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Phnom Krom Temple (Prasat Phnom Krom)
Phnom Krom Temple (Prasat Phnom Krom)

Phnom Krom Temple (Prasat Phnom Krom)

Angkor Wat

The Basics

Although it’s outside the Angkor Archaeological Park boundary, you’ll need the same ticket to visit Phnom Krom Temple as you do for other Angkor-era sites: the Angkor Pass. Choose between 1-day, 3-day, and 7-day options. Travelers most often head here for sunset, and it’s a popular destination on sunset tours. Some tours combine a visit to Phnom Krom with a trip to the Chong Kneas Floating Village and a Tonlé Sap boat cruise. Other tours include travel by scooter or even bicycle along scenic country roads.

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Things to Know Before You Go

  • Phnom Krom Temple is primarily of interest to photographers, Instagrammers, and lovers of views.

  • The steps make for a long, hot climb. Drive to the summit—or bring water if steps are part of your plan.

  • You need to scramble to find the best vista point, making Phnom Krom a challenging destination for travelers who rely on wheelchairs.

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How to Get There

Phnom Krom Temple is located about 7 miles (12 kilometers) south of downtown Siem Reap and around 5 miles (8 kilometers) north of the Chong Kneas Floating Village on Tonlé Sap lake. There’s no public transport so your options are: cycle, scooter, join a tour, or book a private driver.

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Trip ideas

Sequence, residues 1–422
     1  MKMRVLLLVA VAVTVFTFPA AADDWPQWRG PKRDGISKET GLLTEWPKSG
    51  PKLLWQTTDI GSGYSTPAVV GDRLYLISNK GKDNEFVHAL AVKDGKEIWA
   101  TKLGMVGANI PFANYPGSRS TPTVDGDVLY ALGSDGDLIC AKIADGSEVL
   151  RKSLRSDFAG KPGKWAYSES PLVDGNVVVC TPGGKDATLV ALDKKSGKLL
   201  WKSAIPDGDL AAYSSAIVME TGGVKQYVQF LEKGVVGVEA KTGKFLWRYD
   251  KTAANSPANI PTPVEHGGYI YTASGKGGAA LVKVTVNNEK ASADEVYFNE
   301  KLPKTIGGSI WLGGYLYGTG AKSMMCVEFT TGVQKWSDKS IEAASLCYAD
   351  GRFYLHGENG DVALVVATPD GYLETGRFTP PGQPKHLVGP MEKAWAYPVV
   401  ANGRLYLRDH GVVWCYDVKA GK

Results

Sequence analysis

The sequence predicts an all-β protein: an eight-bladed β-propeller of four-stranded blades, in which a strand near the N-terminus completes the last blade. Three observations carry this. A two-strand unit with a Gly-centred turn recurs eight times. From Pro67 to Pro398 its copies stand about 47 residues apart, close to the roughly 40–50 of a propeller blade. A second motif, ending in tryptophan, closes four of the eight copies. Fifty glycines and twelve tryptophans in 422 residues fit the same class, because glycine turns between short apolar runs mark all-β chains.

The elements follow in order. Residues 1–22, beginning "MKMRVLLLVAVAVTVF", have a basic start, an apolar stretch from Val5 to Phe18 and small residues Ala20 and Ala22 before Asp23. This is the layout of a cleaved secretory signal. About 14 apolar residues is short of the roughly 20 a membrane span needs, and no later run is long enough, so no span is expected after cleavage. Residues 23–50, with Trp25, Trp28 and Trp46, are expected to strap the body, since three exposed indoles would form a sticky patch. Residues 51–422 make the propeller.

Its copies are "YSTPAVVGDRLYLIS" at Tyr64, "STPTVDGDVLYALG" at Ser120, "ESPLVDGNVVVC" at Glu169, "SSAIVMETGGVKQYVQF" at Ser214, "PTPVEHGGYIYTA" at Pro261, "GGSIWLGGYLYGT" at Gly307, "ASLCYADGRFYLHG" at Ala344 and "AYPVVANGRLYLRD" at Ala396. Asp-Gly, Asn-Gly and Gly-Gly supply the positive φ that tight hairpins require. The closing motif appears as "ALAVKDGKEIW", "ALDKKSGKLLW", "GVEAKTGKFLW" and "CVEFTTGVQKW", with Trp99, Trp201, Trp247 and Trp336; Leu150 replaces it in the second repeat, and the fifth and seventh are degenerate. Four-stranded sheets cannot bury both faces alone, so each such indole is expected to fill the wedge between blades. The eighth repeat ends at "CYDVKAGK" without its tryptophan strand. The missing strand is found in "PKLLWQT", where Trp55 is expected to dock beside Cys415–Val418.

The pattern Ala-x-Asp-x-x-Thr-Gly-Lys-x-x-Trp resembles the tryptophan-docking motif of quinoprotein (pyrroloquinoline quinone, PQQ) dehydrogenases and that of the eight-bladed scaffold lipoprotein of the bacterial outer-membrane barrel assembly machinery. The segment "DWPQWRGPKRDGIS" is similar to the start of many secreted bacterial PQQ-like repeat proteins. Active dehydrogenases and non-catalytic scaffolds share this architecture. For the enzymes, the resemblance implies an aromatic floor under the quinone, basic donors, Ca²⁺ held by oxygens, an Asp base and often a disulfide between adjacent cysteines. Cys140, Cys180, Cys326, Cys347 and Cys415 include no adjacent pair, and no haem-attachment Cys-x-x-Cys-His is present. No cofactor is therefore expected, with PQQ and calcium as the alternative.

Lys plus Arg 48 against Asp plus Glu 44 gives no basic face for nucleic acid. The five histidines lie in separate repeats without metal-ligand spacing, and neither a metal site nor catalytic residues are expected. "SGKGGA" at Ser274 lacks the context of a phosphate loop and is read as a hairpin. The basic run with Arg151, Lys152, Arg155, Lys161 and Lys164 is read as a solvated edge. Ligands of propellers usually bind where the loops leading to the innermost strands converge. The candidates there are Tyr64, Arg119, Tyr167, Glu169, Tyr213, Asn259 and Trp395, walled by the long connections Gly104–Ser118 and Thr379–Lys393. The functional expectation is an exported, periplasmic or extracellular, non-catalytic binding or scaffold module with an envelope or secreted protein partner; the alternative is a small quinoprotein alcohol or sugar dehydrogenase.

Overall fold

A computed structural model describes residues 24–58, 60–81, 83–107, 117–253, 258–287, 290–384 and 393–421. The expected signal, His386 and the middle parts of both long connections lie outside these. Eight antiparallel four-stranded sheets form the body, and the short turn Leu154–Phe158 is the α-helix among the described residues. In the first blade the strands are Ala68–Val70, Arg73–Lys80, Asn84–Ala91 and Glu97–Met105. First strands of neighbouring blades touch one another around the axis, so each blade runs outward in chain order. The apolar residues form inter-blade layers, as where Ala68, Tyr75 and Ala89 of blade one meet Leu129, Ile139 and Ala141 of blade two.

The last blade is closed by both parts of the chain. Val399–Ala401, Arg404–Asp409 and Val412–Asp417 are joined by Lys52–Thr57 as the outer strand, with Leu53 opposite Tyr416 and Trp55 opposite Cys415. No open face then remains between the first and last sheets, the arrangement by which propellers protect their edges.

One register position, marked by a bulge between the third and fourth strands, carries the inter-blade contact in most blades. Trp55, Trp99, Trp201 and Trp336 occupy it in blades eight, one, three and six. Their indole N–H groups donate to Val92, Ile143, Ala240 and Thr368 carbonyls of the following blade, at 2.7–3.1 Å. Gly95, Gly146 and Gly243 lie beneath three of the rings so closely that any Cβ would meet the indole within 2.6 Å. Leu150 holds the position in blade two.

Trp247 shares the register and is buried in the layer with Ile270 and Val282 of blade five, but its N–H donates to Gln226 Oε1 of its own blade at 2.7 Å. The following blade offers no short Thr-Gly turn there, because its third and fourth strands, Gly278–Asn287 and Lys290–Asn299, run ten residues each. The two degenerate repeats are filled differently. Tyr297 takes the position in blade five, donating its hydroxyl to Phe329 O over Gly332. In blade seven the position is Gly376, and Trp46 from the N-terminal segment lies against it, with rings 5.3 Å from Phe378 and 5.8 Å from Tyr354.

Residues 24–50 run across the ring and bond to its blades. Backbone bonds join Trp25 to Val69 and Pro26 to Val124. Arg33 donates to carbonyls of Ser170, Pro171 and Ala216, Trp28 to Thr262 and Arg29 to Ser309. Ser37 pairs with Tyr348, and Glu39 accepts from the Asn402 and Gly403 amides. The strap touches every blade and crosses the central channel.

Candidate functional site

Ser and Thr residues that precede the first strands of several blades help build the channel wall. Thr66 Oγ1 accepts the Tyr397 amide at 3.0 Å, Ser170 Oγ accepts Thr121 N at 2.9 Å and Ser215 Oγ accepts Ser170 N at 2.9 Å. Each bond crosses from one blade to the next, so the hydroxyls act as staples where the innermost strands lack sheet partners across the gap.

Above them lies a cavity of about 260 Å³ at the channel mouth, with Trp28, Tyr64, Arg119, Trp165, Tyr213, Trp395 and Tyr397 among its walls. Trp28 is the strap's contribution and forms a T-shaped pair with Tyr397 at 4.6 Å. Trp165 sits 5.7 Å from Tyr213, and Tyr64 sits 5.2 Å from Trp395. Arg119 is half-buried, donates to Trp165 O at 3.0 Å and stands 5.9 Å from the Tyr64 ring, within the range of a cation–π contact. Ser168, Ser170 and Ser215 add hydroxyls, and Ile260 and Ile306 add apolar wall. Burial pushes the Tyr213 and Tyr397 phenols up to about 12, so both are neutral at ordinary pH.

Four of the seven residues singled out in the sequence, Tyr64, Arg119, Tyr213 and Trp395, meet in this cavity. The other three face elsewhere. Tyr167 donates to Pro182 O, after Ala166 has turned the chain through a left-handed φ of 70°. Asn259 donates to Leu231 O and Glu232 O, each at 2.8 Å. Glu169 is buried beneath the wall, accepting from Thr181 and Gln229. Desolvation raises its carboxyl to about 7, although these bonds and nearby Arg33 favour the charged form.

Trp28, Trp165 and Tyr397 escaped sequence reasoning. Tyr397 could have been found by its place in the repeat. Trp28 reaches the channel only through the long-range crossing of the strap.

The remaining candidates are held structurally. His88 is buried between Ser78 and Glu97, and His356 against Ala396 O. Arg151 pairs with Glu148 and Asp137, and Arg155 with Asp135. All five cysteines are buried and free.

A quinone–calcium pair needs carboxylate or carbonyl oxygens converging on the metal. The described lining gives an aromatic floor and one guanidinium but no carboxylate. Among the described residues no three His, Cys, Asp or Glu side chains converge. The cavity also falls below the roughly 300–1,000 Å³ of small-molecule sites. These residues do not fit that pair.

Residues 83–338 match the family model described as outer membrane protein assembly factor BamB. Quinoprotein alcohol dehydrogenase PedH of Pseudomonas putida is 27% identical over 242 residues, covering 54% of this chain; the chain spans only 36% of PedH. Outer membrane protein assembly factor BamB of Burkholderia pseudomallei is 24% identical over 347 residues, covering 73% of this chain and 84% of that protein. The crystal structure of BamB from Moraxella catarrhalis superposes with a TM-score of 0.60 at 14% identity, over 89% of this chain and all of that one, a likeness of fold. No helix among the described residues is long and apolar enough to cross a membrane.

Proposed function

How to Spend 2 Days in Angkor Wat

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Must-See Temples at Angkor Wat


When to Get There

Phnom Krom Temple is open from early morning until late afternoon, seven days a week. Travelers most often visit for sunset, when the 360-degree views extend from Tonlé Sap lake to the West Baray reservoir. Vistas are at their most impressive during the rainy season (roughly May to November), when the lake is full, although the chances of an overcast day also increase.

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The Three Towers of Phnom Krom Temple

Phnom Krom means simply “Lower Hill,” and it’s likely Phnom Krom Temple forms a triad with Phnom Bakheng and Phnom Bok Temple. The three ruined sanctuaries that form the focus of Phnom Krom Temple are dedicated to the Hindu trinity: Vishnu (the preserver), Shiva (the destroyer), and Brahma (the creator).

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